Her Father’s Land by Jeff Kelly

Jeff Kelly served a tour of duty in the Vietnam War in 1968 with the U.S. Marine Corps and wrote about it a 2001 memoir, DMZ Diary. Kelly has now produced a novel, Her Father’s Land (Booklocker.com, 418 pp., $22.02, paper; $2.99,Kindle), which is inspired by his experiences in Vietnam.

He served at a fire base built on the site of a razed hamlet. The gravestones caused him to wonder what it must have been like for the villagers to abandon their homes there, along with the graves of their ancestors. So Kelly has set Her Father’s Land at Fire Base Alpha-3, the closest American base to the DMZ, and interweaves the stories of U.S. Marine, North Vietnamese Army, and Viet Cong characters into the novel.

With Alpha-3 within range of North Vietnamese artillery, the new battalion commander, Col. Favors, is not thrilled about being a sitting target. He feels Marines are best used in an aggressive manner. One of his best men is Lance Cpl. Tim “Monk” Montgomery.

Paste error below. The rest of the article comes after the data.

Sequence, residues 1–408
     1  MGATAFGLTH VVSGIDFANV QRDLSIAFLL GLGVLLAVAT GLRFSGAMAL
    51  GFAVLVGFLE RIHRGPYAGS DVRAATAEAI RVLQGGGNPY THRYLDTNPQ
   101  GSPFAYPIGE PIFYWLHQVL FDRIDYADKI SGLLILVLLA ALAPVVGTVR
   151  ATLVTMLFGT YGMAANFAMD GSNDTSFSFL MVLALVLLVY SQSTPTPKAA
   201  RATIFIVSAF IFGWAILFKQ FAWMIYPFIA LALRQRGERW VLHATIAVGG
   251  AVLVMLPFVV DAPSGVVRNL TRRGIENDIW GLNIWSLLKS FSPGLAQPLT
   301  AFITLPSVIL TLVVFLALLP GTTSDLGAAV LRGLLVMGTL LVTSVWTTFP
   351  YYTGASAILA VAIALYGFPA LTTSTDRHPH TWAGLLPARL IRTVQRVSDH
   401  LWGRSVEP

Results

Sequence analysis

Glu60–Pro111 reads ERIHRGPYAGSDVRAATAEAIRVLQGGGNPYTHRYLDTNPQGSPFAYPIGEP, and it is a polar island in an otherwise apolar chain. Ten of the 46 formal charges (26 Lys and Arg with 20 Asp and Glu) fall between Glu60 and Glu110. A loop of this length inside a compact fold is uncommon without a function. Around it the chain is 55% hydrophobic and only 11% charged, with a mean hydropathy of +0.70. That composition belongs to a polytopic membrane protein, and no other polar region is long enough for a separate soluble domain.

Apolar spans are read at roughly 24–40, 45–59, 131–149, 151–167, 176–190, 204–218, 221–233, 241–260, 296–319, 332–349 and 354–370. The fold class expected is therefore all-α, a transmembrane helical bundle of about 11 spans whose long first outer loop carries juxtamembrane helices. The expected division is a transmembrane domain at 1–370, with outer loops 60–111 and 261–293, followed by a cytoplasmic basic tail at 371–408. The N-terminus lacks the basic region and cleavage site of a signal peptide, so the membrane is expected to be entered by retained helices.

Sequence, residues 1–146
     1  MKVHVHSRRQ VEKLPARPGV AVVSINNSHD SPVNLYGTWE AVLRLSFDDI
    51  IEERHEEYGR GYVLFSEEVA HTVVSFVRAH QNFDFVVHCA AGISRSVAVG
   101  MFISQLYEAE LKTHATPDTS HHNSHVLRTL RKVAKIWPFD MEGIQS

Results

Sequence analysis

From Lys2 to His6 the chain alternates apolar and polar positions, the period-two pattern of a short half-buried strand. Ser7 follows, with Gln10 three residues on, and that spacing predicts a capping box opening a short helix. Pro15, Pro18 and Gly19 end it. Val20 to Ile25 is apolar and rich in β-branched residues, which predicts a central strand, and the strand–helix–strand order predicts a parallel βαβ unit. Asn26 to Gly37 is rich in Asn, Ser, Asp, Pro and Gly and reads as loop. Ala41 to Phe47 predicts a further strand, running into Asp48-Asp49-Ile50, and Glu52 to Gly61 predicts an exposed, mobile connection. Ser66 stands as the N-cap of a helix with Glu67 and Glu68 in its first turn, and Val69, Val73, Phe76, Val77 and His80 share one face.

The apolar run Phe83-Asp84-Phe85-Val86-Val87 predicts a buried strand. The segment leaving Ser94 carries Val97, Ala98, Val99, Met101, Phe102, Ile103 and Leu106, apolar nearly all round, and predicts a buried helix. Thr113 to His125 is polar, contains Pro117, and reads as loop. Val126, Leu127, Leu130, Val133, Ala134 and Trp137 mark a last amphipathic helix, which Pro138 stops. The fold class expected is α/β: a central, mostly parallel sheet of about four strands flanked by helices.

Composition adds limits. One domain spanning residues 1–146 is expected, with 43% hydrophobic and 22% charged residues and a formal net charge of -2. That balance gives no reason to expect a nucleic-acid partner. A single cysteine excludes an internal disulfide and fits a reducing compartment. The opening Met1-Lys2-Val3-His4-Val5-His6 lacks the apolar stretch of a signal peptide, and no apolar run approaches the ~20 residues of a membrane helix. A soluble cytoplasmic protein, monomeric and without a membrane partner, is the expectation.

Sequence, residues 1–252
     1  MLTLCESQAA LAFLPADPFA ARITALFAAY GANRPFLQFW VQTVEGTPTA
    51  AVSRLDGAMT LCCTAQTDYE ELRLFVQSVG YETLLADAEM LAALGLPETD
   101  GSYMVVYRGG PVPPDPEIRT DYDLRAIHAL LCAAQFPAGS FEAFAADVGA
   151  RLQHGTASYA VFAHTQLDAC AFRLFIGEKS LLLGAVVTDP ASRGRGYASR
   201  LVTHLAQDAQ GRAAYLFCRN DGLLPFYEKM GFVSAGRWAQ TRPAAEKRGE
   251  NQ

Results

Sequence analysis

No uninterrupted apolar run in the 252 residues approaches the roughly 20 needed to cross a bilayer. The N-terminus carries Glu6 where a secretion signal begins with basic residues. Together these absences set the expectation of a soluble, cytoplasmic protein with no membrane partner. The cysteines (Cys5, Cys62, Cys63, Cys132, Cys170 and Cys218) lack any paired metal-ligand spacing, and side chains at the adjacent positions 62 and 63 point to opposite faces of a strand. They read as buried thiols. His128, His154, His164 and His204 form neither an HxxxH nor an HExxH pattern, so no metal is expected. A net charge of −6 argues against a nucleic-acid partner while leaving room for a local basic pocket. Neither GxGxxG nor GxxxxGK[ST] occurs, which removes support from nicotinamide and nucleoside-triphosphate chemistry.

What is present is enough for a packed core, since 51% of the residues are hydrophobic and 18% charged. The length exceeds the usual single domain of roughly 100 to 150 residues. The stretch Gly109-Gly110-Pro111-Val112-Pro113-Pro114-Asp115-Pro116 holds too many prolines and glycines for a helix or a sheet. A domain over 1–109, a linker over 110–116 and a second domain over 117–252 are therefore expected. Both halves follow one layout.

An NVA officer named Huang Van Nhu is in charge of operations against Alpha-3. He and the main character, a female Viet Cong cadre named Tran Xuan Ha, are a couple. Ha goes undercover to get information from an incompetent, cowardly Marine lieutenant named Jones who uses connections (his uncle, a U.S. Senator) to transfer to USAID. 

Getting himself out of Alpha-3 gives Jones chance to go after the beautiful Ha and—like most lotharios—he thinks she really digs him. To get her in bed, he’s soon blabbing secrets that get Marines killed.

The love triangle of Nhu, Ha, and Jones is the core relationship in the book. The second half follows the trio as Ha and Nhu attempt to get the kidnapped Jones to the North so he can be used as a political pawn. Meanwhile, battles rage around Alpha-3.